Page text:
Scientists at Fred Hutchinson Cancer Research Center have, for the first time, mapped a young gene's short, dramatic evolutionary journey to becoming essential, or indispensable. In a study published online June 6 in Science, the researchers detail one gene's rapid switch to a new and essential function in the fruit fly, challenging the long-held belief that only ancient genes are important.
"We really haven't paid much attention to what is new, because there's so much emphasis on what is old," said Dr. Harmit Malik of the Basic Sciences Division and senior author of the study. "This work breaks the paradigm that new genes by definition are not really that important, because if they were important they would be much older."
The less a gene has mutated over the millions or billions of years of its lifespan, the more likely it is to play a key role for its host. But it turns out that the converse is not necessarily true. Young and rapidly evolving genes can be indispensable too. Scientists at the University of Chicago were surprised to find in 2010 that young genes acquire essential functions in the same proportion as old genes, but nobody had explored the biology behind the phenomenon.
A 15 million-year-old 'new' gene
Malik and his colleagues examined one such case in detail, starting from the gene's birth and its pathway to a new purpose and evolutionary importance. The fruit fly Drosophila melanogaster, a common model organism in laboratory studies, is host to the relatively new gene Umbrea, which duplicated and began to diverge from its parent gene a mere 15 million years ago.
The scientists compared Umbrea with its parent gene, HP1B, by looking at where each gene's protein product tracks within the cell. Both proteins coat chromosomes, but the Umbrea protein specifically hones to centromeres, the specialized centers that help chromosomes duplicate and segregate when cells divide.
In contrast to its parent gene, fruit flies need Umbrea to survive, and the researchers found that cells missing the Umbrea protein cannot shuffle their chromosomes to the correct cell during cell division. They then tracked the gene's evolutionary progress from dispensable to crucial by examining Umbrea's genetic differences between related fruit fly species and pinpointed a short stretch of DNA that led to the gene's essentiality.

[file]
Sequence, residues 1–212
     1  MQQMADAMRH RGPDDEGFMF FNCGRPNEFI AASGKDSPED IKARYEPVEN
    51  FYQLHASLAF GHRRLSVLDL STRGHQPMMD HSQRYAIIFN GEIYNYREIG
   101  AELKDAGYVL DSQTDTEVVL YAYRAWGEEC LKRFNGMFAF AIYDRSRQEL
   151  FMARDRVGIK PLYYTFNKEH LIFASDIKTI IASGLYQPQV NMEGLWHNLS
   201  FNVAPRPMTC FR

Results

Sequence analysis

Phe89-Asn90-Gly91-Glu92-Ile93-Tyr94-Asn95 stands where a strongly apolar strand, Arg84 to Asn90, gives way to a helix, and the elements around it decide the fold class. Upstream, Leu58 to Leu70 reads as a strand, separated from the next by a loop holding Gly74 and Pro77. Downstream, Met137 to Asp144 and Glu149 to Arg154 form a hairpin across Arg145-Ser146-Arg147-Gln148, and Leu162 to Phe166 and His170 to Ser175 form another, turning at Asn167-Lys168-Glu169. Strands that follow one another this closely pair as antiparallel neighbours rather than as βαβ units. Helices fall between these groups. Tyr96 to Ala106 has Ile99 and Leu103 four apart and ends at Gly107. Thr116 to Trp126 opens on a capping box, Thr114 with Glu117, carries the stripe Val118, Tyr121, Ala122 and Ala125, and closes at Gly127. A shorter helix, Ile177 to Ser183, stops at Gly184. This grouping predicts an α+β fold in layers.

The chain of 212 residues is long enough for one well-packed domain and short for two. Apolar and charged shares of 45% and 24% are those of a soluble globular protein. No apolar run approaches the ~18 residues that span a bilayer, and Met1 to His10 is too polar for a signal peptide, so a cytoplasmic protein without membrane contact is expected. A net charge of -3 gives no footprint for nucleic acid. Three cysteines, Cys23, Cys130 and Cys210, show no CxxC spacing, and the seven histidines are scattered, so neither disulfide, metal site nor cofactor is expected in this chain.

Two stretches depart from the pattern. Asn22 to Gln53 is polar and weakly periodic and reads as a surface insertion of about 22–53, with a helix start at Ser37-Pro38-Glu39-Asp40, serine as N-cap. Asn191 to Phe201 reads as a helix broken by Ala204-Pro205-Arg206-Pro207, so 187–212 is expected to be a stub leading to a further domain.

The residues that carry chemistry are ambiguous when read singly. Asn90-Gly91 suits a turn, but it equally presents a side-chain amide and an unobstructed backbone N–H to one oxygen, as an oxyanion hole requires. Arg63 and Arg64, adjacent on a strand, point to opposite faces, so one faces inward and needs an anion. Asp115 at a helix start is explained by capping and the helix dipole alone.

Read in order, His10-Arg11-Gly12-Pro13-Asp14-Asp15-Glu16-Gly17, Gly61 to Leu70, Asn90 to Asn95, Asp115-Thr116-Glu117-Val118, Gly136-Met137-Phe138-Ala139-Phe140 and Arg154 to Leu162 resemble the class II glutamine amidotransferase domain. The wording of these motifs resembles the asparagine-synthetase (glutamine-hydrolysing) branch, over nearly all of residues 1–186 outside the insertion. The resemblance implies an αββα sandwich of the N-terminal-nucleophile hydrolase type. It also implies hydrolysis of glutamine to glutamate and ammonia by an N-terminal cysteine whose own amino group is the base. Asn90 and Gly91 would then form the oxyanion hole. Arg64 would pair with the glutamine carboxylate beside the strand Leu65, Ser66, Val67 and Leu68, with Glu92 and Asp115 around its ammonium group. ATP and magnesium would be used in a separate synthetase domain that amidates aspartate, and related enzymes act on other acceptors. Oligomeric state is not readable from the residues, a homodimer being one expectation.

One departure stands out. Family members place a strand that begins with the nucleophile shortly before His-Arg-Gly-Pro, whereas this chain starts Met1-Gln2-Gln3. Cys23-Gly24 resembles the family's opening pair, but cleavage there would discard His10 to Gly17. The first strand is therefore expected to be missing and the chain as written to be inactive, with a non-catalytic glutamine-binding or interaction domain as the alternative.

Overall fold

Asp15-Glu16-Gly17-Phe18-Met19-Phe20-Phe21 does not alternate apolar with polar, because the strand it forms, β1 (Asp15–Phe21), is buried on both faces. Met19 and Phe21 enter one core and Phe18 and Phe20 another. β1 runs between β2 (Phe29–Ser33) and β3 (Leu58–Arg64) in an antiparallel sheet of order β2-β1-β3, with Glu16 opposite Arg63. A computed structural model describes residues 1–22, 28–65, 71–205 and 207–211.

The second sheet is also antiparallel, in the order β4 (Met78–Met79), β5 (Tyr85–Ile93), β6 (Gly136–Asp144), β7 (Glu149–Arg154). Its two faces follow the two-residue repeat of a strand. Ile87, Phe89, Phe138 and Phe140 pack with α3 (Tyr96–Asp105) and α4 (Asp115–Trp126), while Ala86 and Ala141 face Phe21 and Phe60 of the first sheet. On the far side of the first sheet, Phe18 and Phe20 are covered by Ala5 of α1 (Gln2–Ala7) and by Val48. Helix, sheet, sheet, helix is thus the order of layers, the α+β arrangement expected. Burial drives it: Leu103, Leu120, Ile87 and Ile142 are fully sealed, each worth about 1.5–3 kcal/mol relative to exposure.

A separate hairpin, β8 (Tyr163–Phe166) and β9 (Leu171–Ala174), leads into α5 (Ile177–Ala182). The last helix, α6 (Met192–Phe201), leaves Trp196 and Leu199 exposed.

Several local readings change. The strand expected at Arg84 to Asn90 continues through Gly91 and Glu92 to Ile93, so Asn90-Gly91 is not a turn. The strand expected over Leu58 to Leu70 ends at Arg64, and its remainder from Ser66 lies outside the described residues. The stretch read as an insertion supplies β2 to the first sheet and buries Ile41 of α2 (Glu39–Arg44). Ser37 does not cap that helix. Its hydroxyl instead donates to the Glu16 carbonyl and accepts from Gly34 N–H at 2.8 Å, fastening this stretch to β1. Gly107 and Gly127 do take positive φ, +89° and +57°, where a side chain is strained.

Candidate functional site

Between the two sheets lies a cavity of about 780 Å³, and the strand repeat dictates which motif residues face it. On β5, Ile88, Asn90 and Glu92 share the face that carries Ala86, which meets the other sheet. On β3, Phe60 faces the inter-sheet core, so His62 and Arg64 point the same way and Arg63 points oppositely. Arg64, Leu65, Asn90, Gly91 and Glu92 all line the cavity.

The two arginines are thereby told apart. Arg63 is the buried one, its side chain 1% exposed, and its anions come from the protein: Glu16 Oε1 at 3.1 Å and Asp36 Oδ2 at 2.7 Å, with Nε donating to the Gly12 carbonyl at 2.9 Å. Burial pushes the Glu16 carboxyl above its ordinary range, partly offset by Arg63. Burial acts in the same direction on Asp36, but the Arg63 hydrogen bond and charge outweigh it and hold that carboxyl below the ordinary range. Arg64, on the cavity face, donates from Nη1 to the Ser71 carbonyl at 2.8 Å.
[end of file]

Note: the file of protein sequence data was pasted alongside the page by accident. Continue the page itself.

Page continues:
Finding could help explain genetic mutations linked to cancer
Understanding how Umbrea accomplished its quick transition to its new role could help scientists pinpoint other processes in the cell that are subject to the same form of rapid evolution as centromere proteins, including genes that mutate to become essential for the survival of cancer cells. Such evolution of cancer genes happens extremely quickly, in the lifetime of one individual.
Umbrea's rise was not quite as fast, but 15 million years is brief when compared to the majority of essential genes four to five times its age in the fruit fly, and a few important genes that are more than a billion years old.
Genetic conflicts shed light on evolutionary arms races
"The genetic conflicts that lead to quick changes like those found in Umbrea can also shed light on evolutionary arms races between chromosomes, or even between viruses and host immune genes," said Benjamin Ross, a graduate research assistant in Malik's laboratory and lead author of the study.
The team's findings also point to potential limitations for laboratory model organisms as windows into our own health. While many genes do perform similar tasks in such disparate animals as fruit flies and humans, scientists may be overlooking genes unique to humans that are nevertheless vital. Although Drosophila melanogaster needs Umbrea for its survival, several other very closely related fruit fly species lack the gene entirely.
"What might be essential in one species or even in one tissue type, like a cancer cell, might not be essential in another tissue type or related species," said Malik, also a Howard Hughes Medical Institute Early Career Scientist.
Other Fred Hutch researchers on the project included Aida Flor de la Cruz of the Malik Lab and former staff scientist Dr. Danielle Vermaak. Researchers from the University of Connecticut in Storrs, Conn., and Ludwig Maximilians University of Munich in Germany also contributed to the study. The National Institutes of Health, the National Science Foundation, the Howard Hughes Medical Institute, the European Union Network and the Mathers Foundation funded the research.